I will think that one day they will get tired of knowing about why did this Negro marry a white girl and what does their baby look like and what color is the baby and what shade is it. It’s getting less and less all the time. My undying thanks to the members of the press. They have handled everything so beautifully. Also to the people of America.

FRED: What’s going to make great talent acceptable again on records and musically and on radio? The thing that has made inferior and mediocre talent acceptable, what’s going to change that?

SAMMY: I haven’t the faintest idea, I really haven’t. I only know that on packaged goods and on LP’s. the pros sell, and they don’t sell on singles. Unless you made a five-year study of the music business as it stands today, it would be a difficult thing to say, and analyze; and I don’t think that I’m prepared or qualified to analyze it. I really don’t.

Classical music sells more today than it ever did before, along with the Twist and the Slop and everything else. And I must say that out of this has come some pretty exciting talents. Maybe if it hadn’t been for rock ’n’ roll and rhythm and blues, whatever you want to call it. Ray Charles wouldn’t have come to the front, and for him alone, it was worth it, you know. And our business cannot sustain and be exciting with people still remaining as it is, you know. . . .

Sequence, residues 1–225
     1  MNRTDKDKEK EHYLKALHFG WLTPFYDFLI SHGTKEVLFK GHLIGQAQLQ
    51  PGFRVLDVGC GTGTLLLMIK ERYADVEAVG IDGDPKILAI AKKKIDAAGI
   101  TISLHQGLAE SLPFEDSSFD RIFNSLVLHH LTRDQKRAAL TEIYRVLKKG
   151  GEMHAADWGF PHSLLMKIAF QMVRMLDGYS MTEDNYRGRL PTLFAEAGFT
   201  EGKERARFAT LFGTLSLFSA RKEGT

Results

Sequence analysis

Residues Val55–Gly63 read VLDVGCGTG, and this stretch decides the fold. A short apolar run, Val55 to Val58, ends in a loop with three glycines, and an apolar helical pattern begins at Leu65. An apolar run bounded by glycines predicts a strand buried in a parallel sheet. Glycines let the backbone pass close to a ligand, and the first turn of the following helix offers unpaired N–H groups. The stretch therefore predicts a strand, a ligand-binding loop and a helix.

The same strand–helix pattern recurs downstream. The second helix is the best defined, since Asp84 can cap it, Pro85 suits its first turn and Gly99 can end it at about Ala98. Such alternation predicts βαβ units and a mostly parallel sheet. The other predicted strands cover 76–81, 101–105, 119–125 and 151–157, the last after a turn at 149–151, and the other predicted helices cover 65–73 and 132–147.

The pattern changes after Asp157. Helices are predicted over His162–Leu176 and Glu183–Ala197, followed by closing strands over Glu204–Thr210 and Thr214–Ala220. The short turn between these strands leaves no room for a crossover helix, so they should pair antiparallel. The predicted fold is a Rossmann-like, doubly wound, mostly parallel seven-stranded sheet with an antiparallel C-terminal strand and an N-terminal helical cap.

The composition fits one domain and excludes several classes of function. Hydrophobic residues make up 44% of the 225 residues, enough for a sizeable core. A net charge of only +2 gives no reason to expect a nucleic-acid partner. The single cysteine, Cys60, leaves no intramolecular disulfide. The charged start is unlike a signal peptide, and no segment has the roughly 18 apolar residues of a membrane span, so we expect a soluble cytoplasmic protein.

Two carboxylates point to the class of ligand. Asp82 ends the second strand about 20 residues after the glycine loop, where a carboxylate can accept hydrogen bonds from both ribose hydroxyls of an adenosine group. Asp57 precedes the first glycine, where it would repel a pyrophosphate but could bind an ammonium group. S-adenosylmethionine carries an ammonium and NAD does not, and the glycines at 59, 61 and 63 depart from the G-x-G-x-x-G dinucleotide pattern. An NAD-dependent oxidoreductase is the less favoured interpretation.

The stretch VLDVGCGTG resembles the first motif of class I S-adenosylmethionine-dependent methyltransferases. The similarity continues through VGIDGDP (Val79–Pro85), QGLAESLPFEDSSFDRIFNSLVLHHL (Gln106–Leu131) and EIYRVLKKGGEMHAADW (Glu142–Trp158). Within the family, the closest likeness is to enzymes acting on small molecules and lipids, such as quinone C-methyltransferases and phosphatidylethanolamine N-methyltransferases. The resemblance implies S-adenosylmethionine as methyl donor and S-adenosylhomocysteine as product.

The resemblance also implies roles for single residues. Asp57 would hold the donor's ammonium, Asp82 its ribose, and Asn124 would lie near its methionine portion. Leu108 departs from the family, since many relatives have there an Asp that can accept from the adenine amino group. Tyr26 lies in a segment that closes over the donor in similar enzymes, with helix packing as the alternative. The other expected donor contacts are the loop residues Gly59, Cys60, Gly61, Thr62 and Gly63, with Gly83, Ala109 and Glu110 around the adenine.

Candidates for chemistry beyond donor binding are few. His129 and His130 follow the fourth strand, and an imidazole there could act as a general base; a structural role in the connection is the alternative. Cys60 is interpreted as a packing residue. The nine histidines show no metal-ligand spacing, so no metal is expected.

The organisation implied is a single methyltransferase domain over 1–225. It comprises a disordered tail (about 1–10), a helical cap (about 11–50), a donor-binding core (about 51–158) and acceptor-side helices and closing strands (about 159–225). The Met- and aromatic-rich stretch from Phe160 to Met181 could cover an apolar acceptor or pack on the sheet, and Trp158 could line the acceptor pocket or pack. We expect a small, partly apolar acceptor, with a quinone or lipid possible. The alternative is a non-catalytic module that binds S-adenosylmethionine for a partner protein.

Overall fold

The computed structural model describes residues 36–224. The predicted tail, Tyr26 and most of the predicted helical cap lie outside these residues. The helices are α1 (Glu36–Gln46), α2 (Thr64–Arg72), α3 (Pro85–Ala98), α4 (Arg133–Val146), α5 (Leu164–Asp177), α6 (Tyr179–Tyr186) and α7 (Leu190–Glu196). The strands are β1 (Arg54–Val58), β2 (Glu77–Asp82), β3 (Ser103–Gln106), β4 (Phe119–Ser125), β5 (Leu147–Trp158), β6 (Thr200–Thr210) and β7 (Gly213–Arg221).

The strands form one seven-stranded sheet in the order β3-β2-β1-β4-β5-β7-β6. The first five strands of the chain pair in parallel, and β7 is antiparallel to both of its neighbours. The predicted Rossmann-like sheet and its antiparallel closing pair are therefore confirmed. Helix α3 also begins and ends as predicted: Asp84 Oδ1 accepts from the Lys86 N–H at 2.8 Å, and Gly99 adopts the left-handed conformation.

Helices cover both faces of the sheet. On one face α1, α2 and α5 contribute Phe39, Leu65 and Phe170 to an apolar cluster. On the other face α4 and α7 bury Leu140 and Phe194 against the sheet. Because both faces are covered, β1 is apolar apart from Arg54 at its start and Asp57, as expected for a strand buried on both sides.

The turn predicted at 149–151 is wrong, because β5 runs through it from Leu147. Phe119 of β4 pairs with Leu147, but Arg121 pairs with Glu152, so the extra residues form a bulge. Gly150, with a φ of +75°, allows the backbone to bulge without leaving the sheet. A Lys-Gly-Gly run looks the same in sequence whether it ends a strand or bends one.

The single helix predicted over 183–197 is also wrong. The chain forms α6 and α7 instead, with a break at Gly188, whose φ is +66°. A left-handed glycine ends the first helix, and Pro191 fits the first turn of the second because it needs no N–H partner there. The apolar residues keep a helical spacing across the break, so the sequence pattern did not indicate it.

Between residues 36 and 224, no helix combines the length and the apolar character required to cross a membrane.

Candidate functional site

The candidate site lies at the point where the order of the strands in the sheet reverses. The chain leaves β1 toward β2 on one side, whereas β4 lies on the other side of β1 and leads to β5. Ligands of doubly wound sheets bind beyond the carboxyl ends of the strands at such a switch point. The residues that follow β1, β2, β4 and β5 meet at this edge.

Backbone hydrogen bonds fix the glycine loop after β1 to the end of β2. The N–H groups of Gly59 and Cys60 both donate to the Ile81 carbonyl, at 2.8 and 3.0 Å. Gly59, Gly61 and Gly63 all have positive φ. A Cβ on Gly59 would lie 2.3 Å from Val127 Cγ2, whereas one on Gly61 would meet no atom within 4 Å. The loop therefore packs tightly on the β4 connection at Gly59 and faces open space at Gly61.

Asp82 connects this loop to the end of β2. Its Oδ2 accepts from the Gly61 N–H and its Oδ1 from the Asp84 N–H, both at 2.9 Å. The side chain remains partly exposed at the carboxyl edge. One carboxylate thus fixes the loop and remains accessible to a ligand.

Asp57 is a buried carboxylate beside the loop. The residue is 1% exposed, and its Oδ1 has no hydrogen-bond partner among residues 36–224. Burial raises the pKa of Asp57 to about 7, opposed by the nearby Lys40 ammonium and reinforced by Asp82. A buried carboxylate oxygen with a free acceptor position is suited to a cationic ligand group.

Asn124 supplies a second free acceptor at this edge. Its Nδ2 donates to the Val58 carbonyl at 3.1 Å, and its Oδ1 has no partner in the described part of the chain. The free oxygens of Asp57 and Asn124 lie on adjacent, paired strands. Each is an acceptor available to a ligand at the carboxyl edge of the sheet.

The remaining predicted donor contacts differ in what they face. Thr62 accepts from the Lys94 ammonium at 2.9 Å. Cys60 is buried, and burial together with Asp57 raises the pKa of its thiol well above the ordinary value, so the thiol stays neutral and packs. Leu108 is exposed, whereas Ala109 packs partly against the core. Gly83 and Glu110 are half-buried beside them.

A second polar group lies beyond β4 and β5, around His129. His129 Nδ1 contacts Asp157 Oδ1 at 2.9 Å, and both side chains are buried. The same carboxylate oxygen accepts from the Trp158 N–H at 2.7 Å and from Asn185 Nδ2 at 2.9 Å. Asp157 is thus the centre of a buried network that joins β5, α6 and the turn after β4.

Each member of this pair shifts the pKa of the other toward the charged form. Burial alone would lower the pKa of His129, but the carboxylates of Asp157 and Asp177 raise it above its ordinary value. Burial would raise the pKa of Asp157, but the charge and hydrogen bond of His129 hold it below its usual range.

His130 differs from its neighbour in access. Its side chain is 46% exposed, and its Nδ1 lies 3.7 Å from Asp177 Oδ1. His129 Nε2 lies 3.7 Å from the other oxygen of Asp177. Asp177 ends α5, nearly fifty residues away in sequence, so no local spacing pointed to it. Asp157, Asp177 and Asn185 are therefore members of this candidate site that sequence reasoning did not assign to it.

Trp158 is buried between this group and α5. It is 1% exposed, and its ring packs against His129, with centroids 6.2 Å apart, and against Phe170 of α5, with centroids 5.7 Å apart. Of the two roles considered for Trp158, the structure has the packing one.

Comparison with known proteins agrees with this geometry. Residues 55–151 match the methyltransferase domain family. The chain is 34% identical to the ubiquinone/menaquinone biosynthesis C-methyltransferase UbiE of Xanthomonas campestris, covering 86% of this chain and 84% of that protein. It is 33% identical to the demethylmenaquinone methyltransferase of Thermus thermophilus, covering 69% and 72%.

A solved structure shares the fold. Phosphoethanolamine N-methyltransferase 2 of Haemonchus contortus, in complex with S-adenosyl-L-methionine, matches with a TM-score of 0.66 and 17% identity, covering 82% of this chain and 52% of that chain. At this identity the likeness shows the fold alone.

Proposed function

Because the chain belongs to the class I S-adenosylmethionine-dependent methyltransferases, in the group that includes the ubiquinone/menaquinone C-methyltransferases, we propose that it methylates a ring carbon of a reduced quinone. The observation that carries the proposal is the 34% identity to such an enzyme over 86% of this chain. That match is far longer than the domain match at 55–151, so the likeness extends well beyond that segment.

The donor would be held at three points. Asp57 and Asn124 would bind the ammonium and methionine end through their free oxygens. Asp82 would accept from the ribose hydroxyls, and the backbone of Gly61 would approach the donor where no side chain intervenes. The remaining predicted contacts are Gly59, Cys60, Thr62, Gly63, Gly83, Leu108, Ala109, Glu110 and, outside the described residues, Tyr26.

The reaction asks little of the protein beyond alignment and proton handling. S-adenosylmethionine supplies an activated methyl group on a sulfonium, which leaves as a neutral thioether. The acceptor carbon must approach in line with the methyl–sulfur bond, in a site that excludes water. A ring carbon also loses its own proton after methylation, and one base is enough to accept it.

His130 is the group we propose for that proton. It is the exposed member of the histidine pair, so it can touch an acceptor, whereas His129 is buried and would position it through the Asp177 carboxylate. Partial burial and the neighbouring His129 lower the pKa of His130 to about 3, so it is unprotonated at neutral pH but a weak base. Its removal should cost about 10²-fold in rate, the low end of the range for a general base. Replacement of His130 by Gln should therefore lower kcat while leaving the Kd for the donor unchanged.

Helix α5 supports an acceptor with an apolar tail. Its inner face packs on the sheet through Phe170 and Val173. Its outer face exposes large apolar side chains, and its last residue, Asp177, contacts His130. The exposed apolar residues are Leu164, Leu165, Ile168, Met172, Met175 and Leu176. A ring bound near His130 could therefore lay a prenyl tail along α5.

Good things happen, you know, and bad tilings’ll happen, too. I am not here to say that I am angry because I haven’t had a hit record in five years, because I’m not. I’m swinging and it’s awful tough to get into the Copa. you know.

FRED: One last question, Sammy—about your family. Do you plan to have any more children?

SAMMY: Well, you know, it’s not what I plan—it’s what God plans.

FRED: You know. Sammy, so much has been heard about adopted children of all kinds, and I think you crystallized it beautifully in those words you said earlier about “giving love and affection to unwanted children.” That’s a beautiful reason for adopting a baby.


Sammy Davis stars in “Reprieve” for Allied Artists. Fred Robbins can be heard daily on radio’s “Assignment Hollywood.”